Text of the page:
I'll readily admit that the anime that holds the number 1 spot in my heart is "Sailor Moon" (though not the crappy American dub), but I have come to love DragonBall Z, too (for some reason, they didn't broadcast just plain DragonBall in my area). And in case anybody's curious, I've only ever seen the dub (plus 2.5/3 of the dubbed movies on Cartoon Network). It's my shame; it's my Scarlet Letter. But that's not important.

Anyway, here's my little anecdote about how I started to watch the series; I was a fan of the series "Biker Mice from Mars" (a suprisingly well-done American cartoon that never got the ratings it deserved--don't get me started about television nitwits who would replace a cool series with, say, "Jack Hanna's Animal Adventures" or "Action Man"), and during the last season, the weirdos at Channel 7 decided to broadcast it at 6:30 am on Saturday mornings. Being a dedicated fan, I not only DID wake up at 6:30 to watch it; I would wake up at 5:30 AM to make sure I didn't miss it, and I taped it (starting two minutes early and ending two minutes late).

This gets to DragonBall Z; just be patient.

Anyway, they cancelled the series, but part of me still hoped (and still does) that some genius programmer would get his head out of his ass and run "Biker Mice" reruns early on Saturday morning as opposed to "Sky Dancers" or "DragonFlyz" or "Night Rider" or whatever they put on. So I would get up really early and watch these abysmally horrific cartoons, just in case they suddenly started to run the show again. They never did, even after I expanded my search to Sunday mornings. Still, I was persistent. Then, one morning....


"Hmmm," I said to myself. "That is a really sucky opening theme, even by American standards. "

Fortunately, what was between the opening and ending theme was much better, and even though I wouldn't wake up at 6:30 AM to DBZ, I was more than willing to tape it. I mean, sure, I wasn't exactly hooked, but I was starting to get curious as to whether or not Goku would ever make it to Namek.

Thankfully, Cartoon Network picked the series up, and now I've seen most of the dubbed episodes. All things considered, it could be worse (I can hear you saying: "HOW?", but give me a minute), and I came to enjoy it. Even with some of its more notable problems, the dub still has great action, and some really humorous moments--like in one of the early episodes, when Yamcha is playing on a baseball team, and dances joyously into a fight. I get a kick out of the fight scenes, and now, I usually tune in to the series every day.

That said, now it's "bitch about the dub time." One of the things I really had a problem with was the digital painting. The one episode that stands out in my mind was after (I'm not quite sure if I've got this right) Vegita manages to reduce giant berzerker ape Gohan to cute little naked Gohan. Know which episode I mean? They paint what's apparently supposed to be a strip of fabric that gets torn off Vegita's pant leg across Gohan's little naked butt. Now, I don't know about you people, but I don't have a problem with butts. I happen to have one myself, and always have. Seeing a naked butt doesn't disturb me, and I don't think it would disturb any five or six year old to see one, either (they have asses as well, and have probably seen them, too). The lack of blood sucked, too. I think blood lends authenticity to a story, and actually helps to show that violence has consequenses. I think that's kind of where the effort to tone down DBZ's violence failed. When you "send characters to another dimension" and show someone being pummeled mercilessly for fifteen minutes straight and they don't have so much as a bruise, I think it shows kids that you CAN beat the crap out of someone and not hurt them. This kinda crap would instigate violence! A five year old might think, "Hey, I can bash little Janey's head in, and she'll just be unconcious!" If you show the blood, show the arms and heads and stuff being cut off, it has more of an impact.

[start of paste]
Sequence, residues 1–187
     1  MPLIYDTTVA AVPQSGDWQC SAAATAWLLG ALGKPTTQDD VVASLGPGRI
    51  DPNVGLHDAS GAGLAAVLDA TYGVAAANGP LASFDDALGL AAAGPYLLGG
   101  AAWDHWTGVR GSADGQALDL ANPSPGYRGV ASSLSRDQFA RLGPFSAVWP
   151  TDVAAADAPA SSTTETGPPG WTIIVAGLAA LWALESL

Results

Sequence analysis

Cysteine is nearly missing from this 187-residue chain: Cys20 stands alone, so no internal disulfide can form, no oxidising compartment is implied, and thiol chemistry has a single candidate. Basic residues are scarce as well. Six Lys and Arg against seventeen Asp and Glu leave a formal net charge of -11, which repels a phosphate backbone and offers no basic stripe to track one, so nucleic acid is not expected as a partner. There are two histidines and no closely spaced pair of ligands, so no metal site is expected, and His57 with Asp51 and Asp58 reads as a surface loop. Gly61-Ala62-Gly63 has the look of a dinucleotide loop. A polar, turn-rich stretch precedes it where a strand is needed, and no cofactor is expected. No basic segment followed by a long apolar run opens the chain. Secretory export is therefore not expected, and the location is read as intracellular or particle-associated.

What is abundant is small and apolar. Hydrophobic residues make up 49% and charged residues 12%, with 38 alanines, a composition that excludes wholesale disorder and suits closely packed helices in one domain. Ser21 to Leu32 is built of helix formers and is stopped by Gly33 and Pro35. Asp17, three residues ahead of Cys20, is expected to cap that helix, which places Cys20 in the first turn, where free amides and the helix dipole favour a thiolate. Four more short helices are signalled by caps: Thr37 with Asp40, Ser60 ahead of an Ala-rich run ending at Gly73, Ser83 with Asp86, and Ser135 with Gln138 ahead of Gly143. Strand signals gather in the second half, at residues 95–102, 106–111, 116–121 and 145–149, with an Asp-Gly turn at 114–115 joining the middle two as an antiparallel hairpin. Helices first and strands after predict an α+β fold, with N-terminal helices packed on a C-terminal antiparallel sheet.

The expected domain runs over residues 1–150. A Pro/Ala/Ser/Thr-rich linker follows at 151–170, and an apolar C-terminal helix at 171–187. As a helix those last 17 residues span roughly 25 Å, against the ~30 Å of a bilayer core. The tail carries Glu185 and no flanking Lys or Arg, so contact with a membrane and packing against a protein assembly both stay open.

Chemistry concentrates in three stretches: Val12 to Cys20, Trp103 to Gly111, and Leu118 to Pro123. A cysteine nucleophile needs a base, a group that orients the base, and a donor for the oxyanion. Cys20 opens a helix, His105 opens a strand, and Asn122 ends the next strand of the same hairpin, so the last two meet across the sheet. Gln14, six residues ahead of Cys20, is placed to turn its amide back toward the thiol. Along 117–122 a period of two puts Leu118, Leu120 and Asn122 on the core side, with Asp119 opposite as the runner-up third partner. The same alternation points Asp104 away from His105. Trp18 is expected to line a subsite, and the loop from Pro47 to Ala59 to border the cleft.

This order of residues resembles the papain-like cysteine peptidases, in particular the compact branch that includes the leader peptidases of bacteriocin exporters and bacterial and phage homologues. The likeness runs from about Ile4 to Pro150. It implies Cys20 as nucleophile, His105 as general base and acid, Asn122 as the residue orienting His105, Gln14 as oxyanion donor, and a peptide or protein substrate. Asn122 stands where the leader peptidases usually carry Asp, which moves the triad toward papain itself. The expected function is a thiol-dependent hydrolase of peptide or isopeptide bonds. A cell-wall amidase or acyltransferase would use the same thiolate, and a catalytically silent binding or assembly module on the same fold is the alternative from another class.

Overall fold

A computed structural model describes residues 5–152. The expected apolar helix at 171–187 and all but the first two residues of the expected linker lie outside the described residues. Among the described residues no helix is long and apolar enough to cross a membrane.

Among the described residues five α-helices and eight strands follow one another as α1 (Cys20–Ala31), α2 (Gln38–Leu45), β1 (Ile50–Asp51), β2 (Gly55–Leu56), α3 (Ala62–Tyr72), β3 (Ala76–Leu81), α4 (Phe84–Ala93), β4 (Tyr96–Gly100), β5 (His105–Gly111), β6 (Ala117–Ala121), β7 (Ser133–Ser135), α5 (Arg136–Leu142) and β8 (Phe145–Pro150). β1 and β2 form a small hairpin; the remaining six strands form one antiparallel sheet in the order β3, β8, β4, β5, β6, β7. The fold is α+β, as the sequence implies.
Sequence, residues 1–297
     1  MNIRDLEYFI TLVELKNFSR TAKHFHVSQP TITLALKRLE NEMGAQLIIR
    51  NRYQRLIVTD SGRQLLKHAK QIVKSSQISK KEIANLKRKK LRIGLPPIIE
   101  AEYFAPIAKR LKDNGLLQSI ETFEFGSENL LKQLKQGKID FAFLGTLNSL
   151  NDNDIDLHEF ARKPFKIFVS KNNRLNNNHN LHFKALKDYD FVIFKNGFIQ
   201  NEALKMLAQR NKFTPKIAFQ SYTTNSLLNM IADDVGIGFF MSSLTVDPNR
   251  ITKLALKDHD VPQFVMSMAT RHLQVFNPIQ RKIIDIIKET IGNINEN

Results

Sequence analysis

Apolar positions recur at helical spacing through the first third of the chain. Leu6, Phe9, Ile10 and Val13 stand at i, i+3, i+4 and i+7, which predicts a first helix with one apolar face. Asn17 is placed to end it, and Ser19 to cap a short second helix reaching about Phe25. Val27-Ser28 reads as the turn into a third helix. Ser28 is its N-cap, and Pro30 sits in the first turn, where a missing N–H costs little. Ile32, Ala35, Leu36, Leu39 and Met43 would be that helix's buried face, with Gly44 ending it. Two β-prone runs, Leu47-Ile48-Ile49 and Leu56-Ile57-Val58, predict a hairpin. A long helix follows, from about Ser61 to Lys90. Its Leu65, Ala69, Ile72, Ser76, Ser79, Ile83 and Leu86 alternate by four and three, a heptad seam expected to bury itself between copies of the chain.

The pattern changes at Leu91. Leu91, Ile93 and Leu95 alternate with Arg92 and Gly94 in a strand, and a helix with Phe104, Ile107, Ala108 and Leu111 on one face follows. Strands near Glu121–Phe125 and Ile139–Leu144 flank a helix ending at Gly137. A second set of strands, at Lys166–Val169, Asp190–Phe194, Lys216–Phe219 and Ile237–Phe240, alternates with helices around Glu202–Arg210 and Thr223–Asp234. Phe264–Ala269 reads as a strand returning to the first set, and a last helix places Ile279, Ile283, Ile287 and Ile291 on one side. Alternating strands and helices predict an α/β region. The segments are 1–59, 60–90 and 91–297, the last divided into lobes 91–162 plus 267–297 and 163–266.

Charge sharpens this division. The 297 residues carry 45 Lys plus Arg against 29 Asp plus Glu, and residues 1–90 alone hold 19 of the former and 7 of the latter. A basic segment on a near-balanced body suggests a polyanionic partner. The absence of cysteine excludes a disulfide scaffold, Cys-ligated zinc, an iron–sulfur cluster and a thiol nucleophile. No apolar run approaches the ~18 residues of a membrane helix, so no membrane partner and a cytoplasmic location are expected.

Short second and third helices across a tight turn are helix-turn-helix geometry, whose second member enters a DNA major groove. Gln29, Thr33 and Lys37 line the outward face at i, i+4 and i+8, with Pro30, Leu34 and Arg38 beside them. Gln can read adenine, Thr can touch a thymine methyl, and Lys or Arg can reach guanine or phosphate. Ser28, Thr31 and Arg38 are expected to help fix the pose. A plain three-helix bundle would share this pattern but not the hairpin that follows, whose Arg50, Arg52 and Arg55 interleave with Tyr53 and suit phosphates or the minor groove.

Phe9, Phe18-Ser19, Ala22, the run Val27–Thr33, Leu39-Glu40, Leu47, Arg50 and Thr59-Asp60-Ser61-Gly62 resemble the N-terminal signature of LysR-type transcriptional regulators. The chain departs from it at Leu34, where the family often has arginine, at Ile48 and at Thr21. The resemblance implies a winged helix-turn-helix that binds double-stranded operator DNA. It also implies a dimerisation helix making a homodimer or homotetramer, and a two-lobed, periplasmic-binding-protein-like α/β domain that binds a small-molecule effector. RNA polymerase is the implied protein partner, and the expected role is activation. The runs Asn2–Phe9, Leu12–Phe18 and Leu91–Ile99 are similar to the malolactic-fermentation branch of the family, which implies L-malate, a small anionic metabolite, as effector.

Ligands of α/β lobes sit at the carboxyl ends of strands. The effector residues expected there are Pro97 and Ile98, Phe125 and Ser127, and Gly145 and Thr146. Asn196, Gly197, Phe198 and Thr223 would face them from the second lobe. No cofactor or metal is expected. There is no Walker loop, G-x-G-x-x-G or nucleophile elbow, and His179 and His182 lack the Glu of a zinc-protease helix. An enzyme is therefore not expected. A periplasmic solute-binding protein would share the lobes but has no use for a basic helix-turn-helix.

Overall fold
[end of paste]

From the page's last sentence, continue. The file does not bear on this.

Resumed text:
I thought the "Another Dimension" stuff was kinda stupid, too. I mean, anyone with half a brain in their head is going to realize that these characters died. Any child with any grounding in Christian religion or who has ever seen a picture of an angel knows what a halo means. Let characters die. Kids know what death is, even if they've never experienced the death of a relative or anything like that. They know it from seeing roadkill, or from losing a pet, or whatnot. Death is a necessary component of life. Let a kid know about it early on, and I think they'll be able to cope with the notion better. (And, digital painting or no, I could see "HELL" on the shirts. Eat that, parental watchdog groups! ^-^).